Promises of alternate forms of life and the cosmos have always sparked wonder—think of Richard Dreyfuss’ face in Steven Spielberg’s CLOSE ENCOUNTERS OF THE THIRD KIND. Four artists in Explode Every Day: An Inquiry into the Phenomena of Wonder, an exciting new group exhibition at MASS MoCA, were residents at the Search for Extraterrestrial Intelligence (SETI) Institute in California, which looks for extraterrestrial life. Dr. Jill Tarter is an astronomer and Chair for Research at SETI. She was the model for Jodi Foster’s character in CONTACT, directed by Robert Zemeckis and written by Carl Sagan and Ann Druyan. Tarter told Science & Film that the residency program began in 2010 when she met the New York-based multi-disciplinary artist Charles Lindsay. She wrote the introductory text for a book, Carbon, composed of his photographs.


Dr. Tarter said in the book, “Artists and scientists each have a role to play in telling our human story, and placing us in a cosmic context…. [Lindsay] is stretching the artistic practices of the twenty-first century to visualize alternate worlds. I am trying to detect other evolutionary biologies among the hundreds of billions of worlds within our own Milky Way galaxy. He has a lot to teach me.”

Lindsay became the first Artist in Residence at SETI and now heads the program. According to email correspondence between Science & Film and Dr. Tarter, the program “has been the result of Charlie's labors and [Dr. Tarter’s] cheerleading. We have no funds to support these artists, and yet they come. They stretch all of our boundaries while producing works that are not at all 'illustrative,’ but in some form or another capture the questions our scientists are trying to answer, and they help us share our curiosity about life on Earth and beyond with a larger audience than we would otherwise encounter. Last year, twelve of us each spent one month working with [artist and psychiatrist] Martin Wilner, sending daily emails containing our thoughts, and then seeing them transformed into miniature 'portraits' filling the squares of a monthly calendar, accompanied by the words we'd actually composed.” Of her favorite artist and scientist interaction, Dr. Tarter said it was, “an impromptu musical event one night last summer, in the meadow of the Allen Telescope Array, amidst our 42 telescopes; as the sun was fading from the sky, Chris Chafe (Director of Stanford's [Center for Computer Research in Music and Acoustics] CCRMA) played a duet on his electronic cello with the compressors inside the cryogenic feeds of the antennas. It blended life, technology, and the cosmos in a sublime and spine-tingling way.”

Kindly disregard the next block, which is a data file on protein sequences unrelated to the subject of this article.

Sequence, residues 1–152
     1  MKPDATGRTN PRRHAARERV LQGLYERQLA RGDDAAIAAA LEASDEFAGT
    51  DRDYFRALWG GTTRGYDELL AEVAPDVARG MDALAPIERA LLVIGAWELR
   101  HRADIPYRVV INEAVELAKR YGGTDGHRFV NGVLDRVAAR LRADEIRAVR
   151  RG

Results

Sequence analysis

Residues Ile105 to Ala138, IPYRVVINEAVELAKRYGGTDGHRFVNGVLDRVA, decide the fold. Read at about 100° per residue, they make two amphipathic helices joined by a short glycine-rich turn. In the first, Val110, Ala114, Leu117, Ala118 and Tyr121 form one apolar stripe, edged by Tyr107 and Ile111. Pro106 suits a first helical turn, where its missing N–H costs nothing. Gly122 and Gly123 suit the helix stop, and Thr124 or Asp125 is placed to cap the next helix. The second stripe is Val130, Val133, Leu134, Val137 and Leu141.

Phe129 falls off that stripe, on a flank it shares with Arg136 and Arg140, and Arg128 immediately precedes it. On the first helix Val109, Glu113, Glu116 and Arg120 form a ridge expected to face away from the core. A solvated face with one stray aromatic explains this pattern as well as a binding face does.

The exhibit Explode Every Day features four SETI artists in residence including Lindsay, as well as Dario Robleto, Rachel Sussman, and Jen Bervin. Lindsay, who was trained as a geologist, installed “Field Station.” This multi-part installation is influenced by an artificial habitat from the film THE MARTIAN, a mineral exploration camp, and laboratories. It also includes a video, WHAT ARE THE WHALES SAYING, which was the result of a collaboration with SETI astrophysicist Laurance Doyle who used mathematics to decode whale syntax.


Houston-based artist Dario Robleto’s sound installation features the work of Ann Druyan, widow of astronomer Carl Sagan (COSMOS), who, along with Sagan, was commissioned by NASA to be the Creative Director of the Golden Record: a recording of all human experience sent into space on the Voyager to be shared with other forms of life. Robleto’s work features one track of Druyan’s heartbeat: a woman in love. He went on to make a boxed set of seven recordings, exhibited in the show, including an 1854 recording of a human pulse, and a 1908 recording of a fetal heartbeat.


On reflection, the illusory worlds which children conceive cause wonder. The Brooklyn-based artist Nina Katchadorian’s meditative film, “The Recarcassing Ceremony,” recreates an event from when she and her brother, then nine and 12 years old, playing with a clan of plastic Playmobils witnessed two of them in a boat capsize. The siblings held a “recarcassing” ceremony for the dolls and instilled life into them. Check back on Science & Film for an article about the psychology of imaginary friends.


Tristan Duke, another artist in the show, works at the Museum of Jurassic Technology, a museum of slight-of-hand in Los Angeles. He experiments with holographic technology to make a three dimensional holographic image spin on top of a vinyl record. He designed the record for the STAR WARS: THE FORCE AWAKENS soundtrack, which was released on June 17.


Explode Every Day is co-organized by MASS MoCA curator Denise Markonish and artist Sean Foley. Markonish is the head of the SETI artist-in-residence advisory committee. The show includes both new and existing work by over 20 artists; it is on view now until April 2, 2017 at MASS MoCA in North Adams, Massachusetts. The catalogue, on the history of wonder, will be published by Prestel in August and includes essays by clinical psychology Kay Redfield Jamison and astronomer Jill Tarter. Tarter was a Sloan Foundation jury member at Sundance in 2014, which selected Mike Cahill’s film I ORIGINS as winner of the Feature Film Prize.